That is all that is left
And longed for returning.
The fifth stanza concludes the speaker’s description of his changed home. The previous stanzas and what they describe are all that’s there to “greet us” when we return home from pacing the world. It’s not a cheerful ending to the piece, suggesting that the speaker has to adjust to this new home as there is no way to change it back.
The tone is depressed and resigned. The speaker knows that he can’t change the world that he’s returned to. The life he knew is over, and the paths he walked had fallen into disarray.
The purpose is to express how effective it can be to return home and find that everything has changed beyond one’s expectations. The speaker doesn’t know how to deal with the fact that the place he knew has changed irrevocably.
The speaker is someone who has been away from home for a long time and has just returned. It’s likely that Lenrie Peters was channeling his own experience when he wrote this piece.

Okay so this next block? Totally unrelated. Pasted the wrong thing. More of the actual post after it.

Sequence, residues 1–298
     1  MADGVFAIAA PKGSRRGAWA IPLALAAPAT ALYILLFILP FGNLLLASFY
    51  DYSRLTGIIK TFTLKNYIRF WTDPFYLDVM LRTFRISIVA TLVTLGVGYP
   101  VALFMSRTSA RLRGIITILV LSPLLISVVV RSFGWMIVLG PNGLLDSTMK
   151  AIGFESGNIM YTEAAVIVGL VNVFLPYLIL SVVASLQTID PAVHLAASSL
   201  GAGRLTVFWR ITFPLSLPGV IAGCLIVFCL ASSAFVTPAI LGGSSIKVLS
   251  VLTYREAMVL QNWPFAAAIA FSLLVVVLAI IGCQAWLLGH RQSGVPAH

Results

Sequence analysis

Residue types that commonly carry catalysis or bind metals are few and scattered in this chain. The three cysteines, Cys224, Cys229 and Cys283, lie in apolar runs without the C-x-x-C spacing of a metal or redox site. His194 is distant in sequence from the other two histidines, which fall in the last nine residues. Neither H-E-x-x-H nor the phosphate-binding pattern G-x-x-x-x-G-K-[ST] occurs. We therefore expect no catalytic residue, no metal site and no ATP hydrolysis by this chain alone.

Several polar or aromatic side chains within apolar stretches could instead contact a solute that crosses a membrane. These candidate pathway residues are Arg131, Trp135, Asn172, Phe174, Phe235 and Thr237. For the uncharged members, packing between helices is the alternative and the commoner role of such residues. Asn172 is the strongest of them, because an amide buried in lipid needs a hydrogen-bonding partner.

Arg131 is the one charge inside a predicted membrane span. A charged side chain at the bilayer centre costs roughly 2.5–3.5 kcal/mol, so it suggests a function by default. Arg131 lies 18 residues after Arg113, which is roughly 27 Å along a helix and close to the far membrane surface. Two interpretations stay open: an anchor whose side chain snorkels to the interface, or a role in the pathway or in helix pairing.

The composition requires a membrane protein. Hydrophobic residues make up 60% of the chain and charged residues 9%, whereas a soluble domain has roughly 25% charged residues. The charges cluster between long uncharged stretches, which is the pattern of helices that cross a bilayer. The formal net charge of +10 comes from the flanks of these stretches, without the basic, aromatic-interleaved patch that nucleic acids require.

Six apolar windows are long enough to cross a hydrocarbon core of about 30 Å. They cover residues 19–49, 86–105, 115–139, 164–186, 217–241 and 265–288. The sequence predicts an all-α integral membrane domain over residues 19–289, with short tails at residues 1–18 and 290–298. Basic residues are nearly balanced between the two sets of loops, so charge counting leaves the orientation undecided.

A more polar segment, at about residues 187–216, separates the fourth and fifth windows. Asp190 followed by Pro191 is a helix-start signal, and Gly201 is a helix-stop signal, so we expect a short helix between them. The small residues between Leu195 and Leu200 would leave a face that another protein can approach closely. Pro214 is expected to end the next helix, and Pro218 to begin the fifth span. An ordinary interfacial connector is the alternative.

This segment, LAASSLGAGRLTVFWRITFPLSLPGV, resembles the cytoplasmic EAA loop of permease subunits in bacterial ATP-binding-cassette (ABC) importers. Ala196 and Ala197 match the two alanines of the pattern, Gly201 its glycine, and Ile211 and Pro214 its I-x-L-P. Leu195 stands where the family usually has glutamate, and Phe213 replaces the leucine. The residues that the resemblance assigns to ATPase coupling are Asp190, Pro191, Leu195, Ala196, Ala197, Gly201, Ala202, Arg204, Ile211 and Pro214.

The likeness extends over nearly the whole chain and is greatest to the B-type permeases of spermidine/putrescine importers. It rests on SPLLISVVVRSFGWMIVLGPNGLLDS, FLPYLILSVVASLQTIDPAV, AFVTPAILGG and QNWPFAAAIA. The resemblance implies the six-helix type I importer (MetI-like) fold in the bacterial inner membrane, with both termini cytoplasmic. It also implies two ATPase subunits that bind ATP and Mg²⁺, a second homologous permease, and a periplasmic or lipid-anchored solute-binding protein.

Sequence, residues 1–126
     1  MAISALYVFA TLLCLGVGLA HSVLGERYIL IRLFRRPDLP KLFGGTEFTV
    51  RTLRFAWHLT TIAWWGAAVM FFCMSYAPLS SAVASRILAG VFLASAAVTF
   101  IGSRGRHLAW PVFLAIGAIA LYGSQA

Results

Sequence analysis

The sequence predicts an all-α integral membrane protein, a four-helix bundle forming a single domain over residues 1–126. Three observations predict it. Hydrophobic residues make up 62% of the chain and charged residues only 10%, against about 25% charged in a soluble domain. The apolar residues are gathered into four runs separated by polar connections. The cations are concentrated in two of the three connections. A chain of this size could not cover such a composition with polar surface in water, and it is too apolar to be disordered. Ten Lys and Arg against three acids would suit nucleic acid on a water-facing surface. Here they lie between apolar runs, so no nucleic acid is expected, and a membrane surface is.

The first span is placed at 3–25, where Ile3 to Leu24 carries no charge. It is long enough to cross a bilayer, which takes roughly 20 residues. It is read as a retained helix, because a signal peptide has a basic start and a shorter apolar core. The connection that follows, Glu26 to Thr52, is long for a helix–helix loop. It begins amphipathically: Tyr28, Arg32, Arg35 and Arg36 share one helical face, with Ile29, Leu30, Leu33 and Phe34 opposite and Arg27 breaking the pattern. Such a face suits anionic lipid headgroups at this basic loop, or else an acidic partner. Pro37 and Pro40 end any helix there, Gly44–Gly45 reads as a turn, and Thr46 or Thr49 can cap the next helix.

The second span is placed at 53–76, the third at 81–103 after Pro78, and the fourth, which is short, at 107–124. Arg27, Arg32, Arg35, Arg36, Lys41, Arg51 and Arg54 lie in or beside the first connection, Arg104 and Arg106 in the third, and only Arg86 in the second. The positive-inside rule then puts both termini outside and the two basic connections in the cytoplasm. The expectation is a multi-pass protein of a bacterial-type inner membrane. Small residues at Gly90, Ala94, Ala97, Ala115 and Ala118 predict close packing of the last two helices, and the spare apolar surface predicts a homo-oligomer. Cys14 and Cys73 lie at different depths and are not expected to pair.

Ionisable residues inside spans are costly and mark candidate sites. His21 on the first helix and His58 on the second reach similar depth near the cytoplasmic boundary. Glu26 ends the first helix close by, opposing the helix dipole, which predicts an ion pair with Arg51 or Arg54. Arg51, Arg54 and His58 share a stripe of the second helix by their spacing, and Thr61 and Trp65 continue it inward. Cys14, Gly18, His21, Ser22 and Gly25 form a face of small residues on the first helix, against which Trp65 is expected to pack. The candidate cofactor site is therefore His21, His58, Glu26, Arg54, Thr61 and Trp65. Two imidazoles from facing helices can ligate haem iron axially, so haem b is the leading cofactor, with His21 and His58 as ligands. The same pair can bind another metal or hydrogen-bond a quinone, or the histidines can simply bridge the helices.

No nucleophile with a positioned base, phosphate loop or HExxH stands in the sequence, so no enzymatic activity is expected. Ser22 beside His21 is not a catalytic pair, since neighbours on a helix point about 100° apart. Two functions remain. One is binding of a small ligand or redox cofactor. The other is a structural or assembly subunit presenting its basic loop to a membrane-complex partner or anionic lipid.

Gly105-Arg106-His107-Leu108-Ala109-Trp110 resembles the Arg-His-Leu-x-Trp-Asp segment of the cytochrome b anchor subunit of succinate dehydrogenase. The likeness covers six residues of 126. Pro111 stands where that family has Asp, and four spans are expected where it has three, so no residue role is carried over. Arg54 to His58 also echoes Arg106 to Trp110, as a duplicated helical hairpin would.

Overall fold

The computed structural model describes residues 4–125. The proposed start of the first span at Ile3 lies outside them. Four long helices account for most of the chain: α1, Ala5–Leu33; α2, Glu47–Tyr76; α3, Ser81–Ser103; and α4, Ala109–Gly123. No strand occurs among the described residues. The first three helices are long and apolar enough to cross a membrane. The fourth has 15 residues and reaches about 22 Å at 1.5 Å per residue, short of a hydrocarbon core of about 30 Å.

Readers who enjoyed this piece should also consider reading some related poems. For example:
- ‘Homecoming’ by Simon Armitage – describes the narrator returning home after getting their jacket dirty during a late-night foray to the phone box.
- ‘Home’ by Edward Thomas – an ode to the place he feels most comfortable in the world – home.
- ‘Home is so Sad’ by Philip Larkin – a thoughtful poem about the importance of home. The poet explores what happens to a home when people leave it.